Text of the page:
|The first excerpt represents the element of Air. It speaks of mental influences and the process of thought, and is drawn from Vendetta by Honore de Balzac:
"And kill him?--"
"Monsieur, permit me--"
There is nothing more horrible than the coolness and precise reasoning
of notaries amid the many passionate scenes in which they are
accustomed to take part.
The forms that Piombo saw about him seemed, to his eyes, escaped from
hell; his repressed and concentrated rage knew no longer any bounds as
the calm and fluted voice of the little notary uttered the words:
"permit me." By a sudden movement he sprang to a dagger that was
hanging to a nail above the fireplace, and rushed toward his daughter.
The younger of the two notaries and one of the witnesses threw
|The second excerpt represents the element of Fire. It speaks of emotional influences and base passions, and is drawn from Democracy In America, Volume 1 by Alexis de Toqueville:
than upon strangers. The American has always seen the connection
of public order and public prosperity, intimately united as they
are, go on before his eyes; he does not conceive that one can
subsist without the other; he has therefore nothing to forget;
nor has he, like so many Europeans, to unlearn the lessons of his
Chapter XVII: Principal Causes Maintaining The Democratic
Republic - Part II
Influence Of The Laws Upon The Maintenance Of The Democratic
Republic In The United States
Three principal causes of the maintenance of the democratic
|The third excerpt represents the element of Water. It speaks of pure spiritual influences and feelings of love, and is drawn from La Grenadiere by Honore de Balzac:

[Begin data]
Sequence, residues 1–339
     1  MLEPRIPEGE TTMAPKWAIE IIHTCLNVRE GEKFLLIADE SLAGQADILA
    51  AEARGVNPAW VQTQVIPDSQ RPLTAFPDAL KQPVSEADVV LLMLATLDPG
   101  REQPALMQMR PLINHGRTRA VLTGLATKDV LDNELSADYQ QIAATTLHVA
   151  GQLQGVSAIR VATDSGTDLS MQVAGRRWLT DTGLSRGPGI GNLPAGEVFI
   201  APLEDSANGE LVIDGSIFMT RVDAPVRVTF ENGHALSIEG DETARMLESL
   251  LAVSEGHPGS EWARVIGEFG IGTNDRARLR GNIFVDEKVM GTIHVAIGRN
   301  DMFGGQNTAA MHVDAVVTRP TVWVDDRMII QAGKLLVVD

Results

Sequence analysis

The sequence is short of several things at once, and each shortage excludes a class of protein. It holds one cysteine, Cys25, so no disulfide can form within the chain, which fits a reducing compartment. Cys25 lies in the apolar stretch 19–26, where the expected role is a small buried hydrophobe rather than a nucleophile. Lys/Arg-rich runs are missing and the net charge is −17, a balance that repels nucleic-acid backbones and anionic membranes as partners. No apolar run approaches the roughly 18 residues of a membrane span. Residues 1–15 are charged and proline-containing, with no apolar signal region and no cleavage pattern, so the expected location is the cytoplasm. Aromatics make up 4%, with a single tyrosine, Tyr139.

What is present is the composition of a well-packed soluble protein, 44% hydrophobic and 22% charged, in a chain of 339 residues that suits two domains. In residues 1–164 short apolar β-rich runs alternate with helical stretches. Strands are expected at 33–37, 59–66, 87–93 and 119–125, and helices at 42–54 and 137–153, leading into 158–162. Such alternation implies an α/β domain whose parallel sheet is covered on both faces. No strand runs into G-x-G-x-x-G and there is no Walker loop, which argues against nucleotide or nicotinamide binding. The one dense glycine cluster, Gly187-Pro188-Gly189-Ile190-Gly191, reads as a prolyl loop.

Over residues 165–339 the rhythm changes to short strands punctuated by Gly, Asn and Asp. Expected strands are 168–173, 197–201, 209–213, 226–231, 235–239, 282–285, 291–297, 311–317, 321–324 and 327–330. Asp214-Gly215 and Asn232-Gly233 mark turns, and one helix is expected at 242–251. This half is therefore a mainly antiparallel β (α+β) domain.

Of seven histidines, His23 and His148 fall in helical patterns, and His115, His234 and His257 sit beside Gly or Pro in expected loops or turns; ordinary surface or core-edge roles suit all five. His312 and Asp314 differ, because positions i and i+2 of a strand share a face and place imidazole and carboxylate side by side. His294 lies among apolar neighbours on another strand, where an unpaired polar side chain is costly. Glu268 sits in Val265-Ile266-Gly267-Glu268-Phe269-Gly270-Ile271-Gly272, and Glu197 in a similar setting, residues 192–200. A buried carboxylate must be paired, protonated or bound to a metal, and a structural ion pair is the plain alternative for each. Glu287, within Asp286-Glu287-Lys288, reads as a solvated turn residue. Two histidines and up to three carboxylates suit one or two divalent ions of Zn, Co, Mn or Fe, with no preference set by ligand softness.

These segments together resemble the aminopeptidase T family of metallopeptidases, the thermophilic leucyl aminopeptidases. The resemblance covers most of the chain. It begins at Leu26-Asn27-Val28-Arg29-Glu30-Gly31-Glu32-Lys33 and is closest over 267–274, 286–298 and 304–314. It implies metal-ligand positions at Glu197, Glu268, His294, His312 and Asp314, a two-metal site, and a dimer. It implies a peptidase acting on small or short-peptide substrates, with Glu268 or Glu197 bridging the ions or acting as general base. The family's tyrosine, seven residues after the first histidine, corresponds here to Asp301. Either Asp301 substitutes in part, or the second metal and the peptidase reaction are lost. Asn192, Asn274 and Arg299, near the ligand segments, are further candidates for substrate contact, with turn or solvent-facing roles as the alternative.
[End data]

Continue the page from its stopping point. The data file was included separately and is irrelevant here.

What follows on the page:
the establishment. You can pass from it into the house without going
outside; but, nevertheless, it boasts an entrance door of its own, and
a short flight of steps that brings you to a deep well, and a very
rustical-looking pump, half hidden by water-plants and savin bushes
and tall grasses. The kitchen is a modern addition, proving beyond
doubt that La Grenadiere was originally nothing but a simple
vendangeoir--a vintage-house belonging to townsfolk in Tours, from
which Saint-Cyr is separated by the vast river-bed of the Loire. The
owners only came over for the day for a picnic, or at the vintage-
time, sending provisions across in the morning, and scarcely ever
spent the night there except during the grape harvest; but the English
|The fourth excerpt represents the element of Earth. It speaks of physical influences and the impact of the unseen on the visible world, and is drawn from The Black Arrow by Robert Louis Stevenson:
displeased to lie under so great favours to so equivocal a
personage, he was yet unable to restrain his mirth.
With that, Lawless returned to the big chest, and was soon
similarly disguised; but, below his gown, Dick wondered to observe
him conceal a sheaf of black arrows.
"Wherefore do ye that?" asked the lad. "Wherefore arrows, when ye
take no bow?"
"Nay," replied Lawless, lightly, "'tis like there will be heads
broke - not to say backs - ere you and I win sound from where we're
going to; and if any fall, I would our fellowship should come by
the credit on't. A black arrow, Master Dick, is the seal of our